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Issue No. 190 08 August 2003  

Border Protection
The High Court’s decision that Australian labour laws should apply to cargo ships plying our shores could be the first shot in the fight back against the excess of corporate globalisation.


Interview: The New Deal
US union leader Amy Dean expands on her agenda to give unions a real political voice

Unions: In the Line of Hire
Unions have lobbied and negotiated in a bid to stem casualisation and insecurity. Now, Jim Marr, writes they are seeking protection through a formal Test Case.

Culture: Too Cool for the Collective?
Young people are amongst the most vulnerable in the workforce. So why aren't they joining the union, asks Carly Knowles

International: The Domino Effect
An internal struggle in the biggest and strongest industrial union in Germany IG Metall has had a devastating wave effect across not just that country, but also the rest of Europe, writes Andrew Casey.

Industrial: A Spanner in the Works
Max Ogden looks at the vexed issue of Works Councils and the differing views within the union movement to them.

National Focus: Gathering of the Tribes
Achieving a fairer society and a better working life for employees from across Australia will be key themes at the ACTU's triennial Congress meeting later this month reports Noel Hester.

History: The Welcome Nazi Tourist
Rowan Cahill looks at the role Australia's conservatives played in supporting facism in the days before World War II.

Bad Boss: Domm, Domm Turn Around
Frank Sartor might have shot through but Robert Domm still calls the IR shots at Sydney City which pretty much explains why the council is this month’s Bad Boss nominee.

Poetry: Just Move On.
Visiting bard Maurie Fairfield brightens up our page with a ditty about little white lies.

Review: Reality Bites
The workers, united, may never be defeated but if recent episodes of Channel 10 drama The Secret Life Of Us are to be believed, this is not necessarily a good thing, writes Tara de Boehmler.


 Legal Missile Holes Ships of Shame

 Labour Rights Threaten Trade Deal

 Workers Sharpen Community Clause

 "Puppet" Sparks Appeals

 FiFo, FiFo – Out the Gate We Go

 SRA Chief Off The Rails

 Qantas: Long Lunches on Rocks

 Water Crisis a Mist for Sell-Off

 Aussies Enter Karoshi Zone

 Combet Flies Ansett Plan

 Westfield Workers Seek Clean Start

 Rubber Workers Stretch Bridgestone

 Workers Art in Broken Hill

 Activist Notebook


The Soapbox
Fighting Words
Craig Emerson gave what could be the most spirited Labor spray in a decade to the NSW Labor Council this month. Here it is in all its venom.

Out of Their Class
Phil Bradley argues that Australia's education system should not be up for negotiation in the global trade talks.

The Locker Room
The ABC of Sport
Phil Doyle argues that the only way to end the corporate madness that is sport, is to give it all back to the ABC.

Locks, Stocks and Barrels
Union Aid Abroad's Peter Jennings updates on the situation in Burma, where the repression of democracy is going from bad to worse.

 Workplace Bullying
 Casual TAFE
 Wage Rise
 The Fifth Column
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"Puppet" Sparks Appeals

Controversial Government appointee to the Industrial Relations Commission, Rob Cartwright, is using his position to over-rule agreements consented to by union and employer representatives.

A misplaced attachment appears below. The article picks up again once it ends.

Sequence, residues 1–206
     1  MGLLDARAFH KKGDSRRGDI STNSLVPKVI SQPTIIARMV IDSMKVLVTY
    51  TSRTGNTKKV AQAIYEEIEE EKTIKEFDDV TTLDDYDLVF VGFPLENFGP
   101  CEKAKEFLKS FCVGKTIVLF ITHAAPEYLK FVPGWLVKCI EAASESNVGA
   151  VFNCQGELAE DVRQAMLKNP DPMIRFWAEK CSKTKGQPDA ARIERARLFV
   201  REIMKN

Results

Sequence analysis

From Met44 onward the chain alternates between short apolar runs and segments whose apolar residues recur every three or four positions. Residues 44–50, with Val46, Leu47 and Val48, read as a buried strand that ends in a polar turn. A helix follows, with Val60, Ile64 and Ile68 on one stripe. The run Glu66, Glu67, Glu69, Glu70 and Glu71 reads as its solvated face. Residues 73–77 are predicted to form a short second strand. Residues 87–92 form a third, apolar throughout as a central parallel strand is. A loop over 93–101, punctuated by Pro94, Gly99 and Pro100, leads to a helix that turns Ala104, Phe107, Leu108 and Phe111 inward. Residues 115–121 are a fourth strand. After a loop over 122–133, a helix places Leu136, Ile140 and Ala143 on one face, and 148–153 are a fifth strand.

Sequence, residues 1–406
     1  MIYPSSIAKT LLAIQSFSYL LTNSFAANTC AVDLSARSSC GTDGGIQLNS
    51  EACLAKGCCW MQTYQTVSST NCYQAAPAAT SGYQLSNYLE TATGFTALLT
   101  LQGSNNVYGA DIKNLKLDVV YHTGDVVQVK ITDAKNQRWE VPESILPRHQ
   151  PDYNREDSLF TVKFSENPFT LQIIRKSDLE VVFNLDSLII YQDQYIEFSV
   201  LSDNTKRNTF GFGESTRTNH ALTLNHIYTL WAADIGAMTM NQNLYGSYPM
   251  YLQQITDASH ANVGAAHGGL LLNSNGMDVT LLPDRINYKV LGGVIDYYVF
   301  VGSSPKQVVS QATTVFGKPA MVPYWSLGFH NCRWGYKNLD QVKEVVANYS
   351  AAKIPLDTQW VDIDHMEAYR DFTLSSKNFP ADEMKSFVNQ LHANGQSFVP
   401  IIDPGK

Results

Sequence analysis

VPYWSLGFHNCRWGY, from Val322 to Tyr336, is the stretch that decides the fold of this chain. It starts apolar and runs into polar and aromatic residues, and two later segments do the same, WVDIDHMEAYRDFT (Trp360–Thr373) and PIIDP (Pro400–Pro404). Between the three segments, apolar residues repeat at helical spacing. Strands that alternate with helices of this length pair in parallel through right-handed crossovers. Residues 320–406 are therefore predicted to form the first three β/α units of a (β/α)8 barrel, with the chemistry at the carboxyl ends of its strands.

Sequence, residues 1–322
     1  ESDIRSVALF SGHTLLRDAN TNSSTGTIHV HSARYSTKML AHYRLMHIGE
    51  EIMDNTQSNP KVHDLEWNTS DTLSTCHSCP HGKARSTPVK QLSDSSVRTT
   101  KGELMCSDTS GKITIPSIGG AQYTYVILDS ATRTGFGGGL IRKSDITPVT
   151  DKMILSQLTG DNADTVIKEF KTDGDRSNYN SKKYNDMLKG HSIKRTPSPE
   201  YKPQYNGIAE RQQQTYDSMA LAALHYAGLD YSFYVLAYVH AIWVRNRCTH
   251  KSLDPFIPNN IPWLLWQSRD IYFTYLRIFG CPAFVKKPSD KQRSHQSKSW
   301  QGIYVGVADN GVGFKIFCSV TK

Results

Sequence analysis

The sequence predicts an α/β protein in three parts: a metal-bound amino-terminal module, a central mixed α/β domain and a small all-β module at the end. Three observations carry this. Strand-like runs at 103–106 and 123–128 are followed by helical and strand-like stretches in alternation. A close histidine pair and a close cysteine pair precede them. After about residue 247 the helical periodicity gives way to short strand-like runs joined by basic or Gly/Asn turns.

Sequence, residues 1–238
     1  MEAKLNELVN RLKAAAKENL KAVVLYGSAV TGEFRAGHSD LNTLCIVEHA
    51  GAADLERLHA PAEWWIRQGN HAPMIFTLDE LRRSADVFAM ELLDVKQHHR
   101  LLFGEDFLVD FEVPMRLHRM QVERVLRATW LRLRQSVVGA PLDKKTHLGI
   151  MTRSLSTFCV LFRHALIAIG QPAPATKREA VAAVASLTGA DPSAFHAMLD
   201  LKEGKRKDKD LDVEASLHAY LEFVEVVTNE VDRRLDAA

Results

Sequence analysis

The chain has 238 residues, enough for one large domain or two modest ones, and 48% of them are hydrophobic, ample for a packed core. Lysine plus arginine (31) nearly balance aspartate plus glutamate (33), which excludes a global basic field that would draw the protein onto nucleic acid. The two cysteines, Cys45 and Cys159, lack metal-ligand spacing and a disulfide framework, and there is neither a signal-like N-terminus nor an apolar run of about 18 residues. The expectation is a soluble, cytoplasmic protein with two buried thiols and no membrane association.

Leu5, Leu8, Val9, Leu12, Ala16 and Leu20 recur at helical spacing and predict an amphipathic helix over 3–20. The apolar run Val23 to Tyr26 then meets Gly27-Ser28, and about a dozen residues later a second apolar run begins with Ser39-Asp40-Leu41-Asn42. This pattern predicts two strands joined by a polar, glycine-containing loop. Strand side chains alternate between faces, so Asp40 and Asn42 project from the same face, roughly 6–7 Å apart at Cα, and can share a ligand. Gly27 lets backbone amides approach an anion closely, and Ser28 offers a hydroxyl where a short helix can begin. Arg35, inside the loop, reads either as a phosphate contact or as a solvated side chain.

Senior Deputy President Cartwright, appointed to the bench by former Workplace Relations Minister Peter Reith, is the first IRC Commissioner in Australian history to have been found guilty of discriminating against tens of thousands of workers on the basis of their union membership.

Unions are considering appeals against his recent decision to refuse certification to a consent agreement between the AWU, AMWU and Unilever, over objections to clauses providing right of entry to union officials and imposing conditions on the use of labour hire.

Cartwright found the clauses did not relate to the relationship between employer and employees. He has subsequently used his own decision to knock back other agreements.

Announcing a meeting with affiliates to consider appeals against the Cartwright rulings, Labor Council secretary John Robertson argued right of entry and labour hire both had "direct bearings" on employment relationships.

"This is a bloke who came to the Commission with a track record and was appointed by Peter Reith or Tony Abbott," Robertson said.

"Now, it appears, the puppet is dancing to the pupeteer's tune."

Cartwright was one of a number of employer activists appointed to the IRC in the lead-up to the last general election in a move widely interpreted as an attempt to stack the bench.

He had built a strong anti-union reputation in HR roles at Rio Tinto and Telstra.

Within six months of being appointed Telstra's IR chief, he was pictured in the press with his boot on a stack of negotiated awards and agreements, announcing his intention to get rid of them.

Under his stewardship, Telstra led the country in seizing on changes to the Workplace Relations Act designed to sideline unions and cut wages and conditions. It sacked 10,000 Australians, championed the use of AWAs, and led the corporate charge to contracting out.

When Australia's largest company announced 10,000 job losses, Cartwright instructed managers that staff who had opted for AWAs over union agreements should receive preferential treatment.

That move led to the High Court finding the company had discrimated against 42,000 employees, on the basis of union membership, and ordering payment of $76,000.

The decision sparked calls for Cartwright to resign from the IRC, and lawyer predictions that his rulings could be appealed on the ground of perceived bias.

Current Workplace Relations Minister, Abbott, rejected the calls, expressing confidence in Cartwright's ability to do the job.


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